Academic journal article The Journal of African American History

Latasha Harlins, Soon Ja Du, and Joyce Karlin: A Case Study of Multicultural Female Violence and Justice on the Urban Frontier

Academic journal article The Journal of African American History

Latasha Harlins, Soon Ja Du, and Joyce Karlin: A Case Study of Multicultural Female Violence and Justice on the Urban Frontier

Article excerpt

    How do you tell people to get together, to forgive and forget, if
    the judge doesn't show any concern for the community? Justice
    includes punishment, and there was none in this case. (1)

It was midafternoon on a warm day in late April 1992, when the nation and the world turned its attention to Los Angeles. For the next five days, they watched in horror as thousands of residents took to the streets to burn and loot, sometimes even to assault and kill. "No justice, no peace!" was the anthem of the day as local blacks, Latinos, and even a sprinkling of Asian Americans and whites joined in the five-day "rebellion" that purportedly underscored the injustice of the first verdict in the Rodney King police brutality trial. But for many who actively joined in the rebellion, and for the thousands who stayed at home, but understood all too well why others acted, Rodney King was not the symbol of injustice that was being protested; Latasha Harlins was. (2)

On 16 March 1991, at approximately 9:35 A.M., Latasha Harlins walked into the Empire Liquor Market located at 9172 South Figueroa Street in Compton, California. Within the course of five short minutes, she lay on the floor in front of the store's counter, suffering from a single close-range gunshot wound to the back of her head. Two dollars lay crumpled in her left hand. Soon Ja Du, her face beginning to swell and discolor from the four punches Harlins landed during a brief struggle between the two, ostensibly over a $1.79 bottle of orange juice, crouched on top of the counter trying to see where Harlins had fallen. Two neighborhood children ran terrified from the store. (3)

Blood still had not started to seep from Harlins's motionless body when Billy Du, who had been asleep in his van outside the market, rushed inside. Soon Ja Du was hysterical, screaming that she was being robbed, that the robber had tried to take money out of the cash register. She then seemed to lapse into a coma. Seeing his bruised wife to his right and Harlins's body with the money to his left, he made a desperate call to the police department. "'We got a hold up," he told a 911 operator. The thief was "'taking the money out of the cash register" and his wife"' shot the robber lady." (4)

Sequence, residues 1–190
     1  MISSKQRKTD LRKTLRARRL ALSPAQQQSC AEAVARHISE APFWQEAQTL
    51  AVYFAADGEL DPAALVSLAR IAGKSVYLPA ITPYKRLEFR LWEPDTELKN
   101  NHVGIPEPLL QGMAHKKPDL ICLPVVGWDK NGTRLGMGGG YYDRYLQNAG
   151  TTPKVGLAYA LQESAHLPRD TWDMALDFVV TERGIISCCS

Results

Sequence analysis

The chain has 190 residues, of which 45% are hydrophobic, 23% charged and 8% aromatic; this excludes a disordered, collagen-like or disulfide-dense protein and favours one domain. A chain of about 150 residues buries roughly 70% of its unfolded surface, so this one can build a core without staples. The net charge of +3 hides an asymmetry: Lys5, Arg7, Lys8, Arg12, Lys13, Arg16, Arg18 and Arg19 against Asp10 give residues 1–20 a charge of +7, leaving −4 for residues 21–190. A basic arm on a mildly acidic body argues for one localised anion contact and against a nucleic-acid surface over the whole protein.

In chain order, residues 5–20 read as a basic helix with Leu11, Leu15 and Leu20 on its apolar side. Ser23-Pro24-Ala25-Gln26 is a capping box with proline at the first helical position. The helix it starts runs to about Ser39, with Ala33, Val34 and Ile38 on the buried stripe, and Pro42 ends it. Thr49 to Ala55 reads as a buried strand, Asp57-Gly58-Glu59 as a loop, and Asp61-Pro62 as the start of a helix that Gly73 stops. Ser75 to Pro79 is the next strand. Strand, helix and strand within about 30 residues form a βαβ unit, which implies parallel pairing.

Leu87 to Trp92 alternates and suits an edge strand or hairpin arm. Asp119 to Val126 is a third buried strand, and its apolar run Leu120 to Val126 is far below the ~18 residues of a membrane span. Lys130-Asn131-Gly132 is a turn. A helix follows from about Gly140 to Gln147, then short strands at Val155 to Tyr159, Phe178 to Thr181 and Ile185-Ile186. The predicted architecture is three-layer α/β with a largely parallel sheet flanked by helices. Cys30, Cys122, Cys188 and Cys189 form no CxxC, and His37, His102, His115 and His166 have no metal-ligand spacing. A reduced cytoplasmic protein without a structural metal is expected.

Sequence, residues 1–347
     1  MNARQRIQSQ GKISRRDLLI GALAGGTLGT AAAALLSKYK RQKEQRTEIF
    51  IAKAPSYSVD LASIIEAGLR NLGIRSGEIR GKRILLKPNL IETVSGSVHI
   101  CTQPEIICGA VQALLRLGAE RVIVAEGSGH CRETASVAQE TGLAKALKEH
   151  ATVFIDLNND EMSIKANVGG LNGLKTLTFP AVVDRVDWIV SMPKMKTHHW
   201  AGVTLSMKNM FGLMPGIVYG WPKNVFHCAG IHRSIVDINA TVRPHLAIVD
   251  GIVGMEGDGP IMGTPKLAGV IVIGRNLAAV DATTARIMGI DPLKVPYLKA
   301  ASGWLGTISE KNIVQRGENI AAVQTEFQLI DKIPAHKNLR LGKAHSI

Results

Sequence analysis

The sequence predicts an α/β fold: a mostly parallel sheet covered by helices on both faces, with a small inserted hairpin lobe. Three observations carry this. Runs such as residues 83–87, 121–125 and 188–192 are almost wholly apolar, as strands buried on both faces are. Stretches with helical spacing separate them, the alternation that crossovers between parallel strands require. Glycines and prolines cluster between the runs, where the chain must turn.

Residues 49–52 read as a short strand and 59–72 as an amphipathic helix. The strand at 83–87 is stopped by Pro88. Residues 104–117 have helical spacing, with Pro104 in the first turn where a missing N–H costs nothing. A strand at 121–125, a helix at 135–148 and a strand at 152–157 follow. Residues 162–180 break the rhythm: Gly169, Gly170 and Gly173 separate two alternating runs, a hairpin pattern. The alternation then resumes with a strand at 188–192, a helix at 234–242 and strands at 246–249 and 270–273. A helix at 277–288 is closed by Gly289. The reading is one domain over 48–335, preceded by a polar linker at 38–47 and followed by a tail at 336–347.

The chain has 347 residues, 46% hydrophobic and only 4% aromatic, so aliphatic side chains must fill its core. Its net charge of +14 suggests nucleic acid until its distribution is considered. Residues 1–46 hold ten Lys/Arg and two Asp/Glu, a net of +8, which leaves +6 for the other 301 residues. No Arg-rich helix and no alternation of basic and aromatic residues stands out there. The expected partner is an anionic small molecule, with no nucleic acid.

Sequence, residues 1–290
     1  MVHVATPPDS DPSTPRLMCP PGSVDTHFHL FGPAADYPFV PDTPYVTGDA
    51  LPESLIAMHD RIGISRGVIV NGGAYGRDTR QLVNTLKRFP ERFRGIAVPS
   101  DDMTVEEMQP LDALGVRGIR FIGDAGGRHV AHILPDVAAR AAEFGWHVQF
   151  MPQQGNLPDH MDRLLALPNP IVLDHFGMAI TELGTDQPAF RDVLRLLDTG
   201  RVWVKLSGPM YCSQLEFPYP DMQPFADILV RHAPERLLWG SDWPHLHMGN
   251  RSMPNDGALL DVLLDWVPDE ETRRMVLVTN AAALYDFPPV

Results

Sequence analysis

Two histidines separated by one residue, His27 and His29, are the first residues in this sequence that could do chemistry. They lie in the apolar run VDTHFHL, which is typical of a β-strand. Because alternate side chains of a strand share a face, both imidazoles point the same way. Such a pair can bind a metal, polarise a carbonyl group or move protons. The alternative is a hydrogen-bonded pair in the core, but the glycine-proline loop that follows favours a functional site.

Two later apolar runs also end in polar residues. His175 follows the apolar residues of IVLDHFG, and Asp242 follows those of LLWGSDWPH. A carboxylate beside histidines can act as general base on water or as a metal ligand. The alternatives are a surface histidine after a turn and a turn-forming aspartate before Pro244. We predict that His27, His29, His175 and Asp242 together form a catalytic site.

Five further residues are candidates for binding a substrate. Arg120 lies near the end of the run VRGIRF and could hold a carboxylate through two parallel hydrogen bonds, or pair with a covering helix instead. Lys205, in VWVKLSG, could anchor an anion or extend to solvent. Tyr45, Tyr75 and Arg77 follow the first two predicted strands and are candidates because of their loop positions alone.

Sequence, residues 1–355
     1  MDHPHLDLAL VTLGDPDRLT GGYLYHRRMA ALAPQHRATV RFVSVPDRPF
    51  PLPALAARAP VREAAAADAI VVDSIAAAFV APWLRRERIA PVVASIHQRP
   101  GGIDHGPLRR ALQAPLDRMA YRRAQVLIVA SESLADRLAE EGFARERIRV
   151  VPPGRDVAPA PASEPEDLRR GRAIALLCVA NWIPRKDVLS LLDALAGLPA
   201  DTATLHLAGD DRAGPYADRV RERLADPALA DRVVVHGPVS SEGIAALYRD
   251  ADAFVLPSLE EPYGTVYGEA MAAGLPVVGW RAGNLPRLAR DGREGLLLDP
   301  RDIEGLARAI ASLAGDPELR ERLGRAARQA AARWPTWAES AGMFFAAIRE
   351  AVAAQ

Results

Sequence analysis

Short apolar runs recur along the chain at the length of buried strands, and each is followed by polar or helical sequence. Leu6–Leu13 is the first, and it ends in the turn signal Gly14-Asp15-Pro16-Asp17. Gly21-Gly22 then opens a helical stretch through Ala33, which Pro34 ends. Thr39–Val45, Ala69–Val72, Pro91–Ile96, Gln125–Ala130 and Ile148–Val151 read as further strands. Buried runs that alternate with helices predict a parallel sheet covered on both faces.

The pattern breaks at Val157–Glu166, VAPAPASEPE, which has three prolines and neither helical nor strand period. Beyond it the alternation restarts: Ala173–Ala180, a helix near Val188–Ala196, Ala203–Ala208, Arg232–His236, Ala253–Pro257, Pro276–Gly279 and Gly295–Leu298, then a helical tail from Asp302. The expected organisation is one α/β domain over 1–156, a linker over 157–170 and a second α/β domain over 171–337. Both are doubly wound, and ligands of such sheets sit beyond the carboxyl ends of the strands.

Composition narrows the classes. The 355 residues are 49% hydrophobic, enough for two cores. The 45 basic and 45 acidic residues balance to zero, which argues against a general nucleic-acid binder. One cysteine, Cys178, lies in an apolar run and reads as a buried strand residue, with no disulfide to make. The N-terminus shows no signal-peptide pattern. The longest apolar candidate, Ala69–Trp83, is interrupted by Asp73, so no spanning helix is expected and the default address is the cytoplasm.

Eight months later, Soon Ja Du, convicted of voluntary manslaughter in the death of Latasha Harlins, sat in a small, packed courtroom in downtown Los Angeles. The change of venue for the case from Compton to downtown Los Angeles purportedly gave the advantage of a secure courtroom: bullet-proof glass shielded the defendant, judge, and lawyers from anguished and angry spectators alike, all demanding some kind of justice. Judge Joyce A. Karlin heard defense and prosecution statements as she waited to deliver her sentence in a criminal trial by jury, the first sentence that she would render in a jury trial since she had taken the bench a few months earlier. (5)

This is the story of a young African American female, Latasha Harlins, at two important urban sites: a small liquor/convenience store in her neighborhood and a courtroom in downtown Los Angeles. It also is the story of her interactions with two women: Soon Ja Du, a middle-aged, naturalized Korean American shopkeeper's wife, and Joyce Karlin, a relatively young, quite affluent European American judge. Their "diversity," manifest by their different racial, class, and generational affiliations and identities evoke the "female side" to the U.S.'s fundamentally conflicted relationship with "others." There were profound differences, but there were also some important similarities. Perhaps the most important similarities were that all three were females; that they were all migrants to Los Angeles; and that each came as part of a family that had great hope for what they could accomplish in this vibrant "urban frontier." Their similarities, however, did not outweigh their differences, and the impact that these differences had on the manner in which they regarded one another and chose to interact. …

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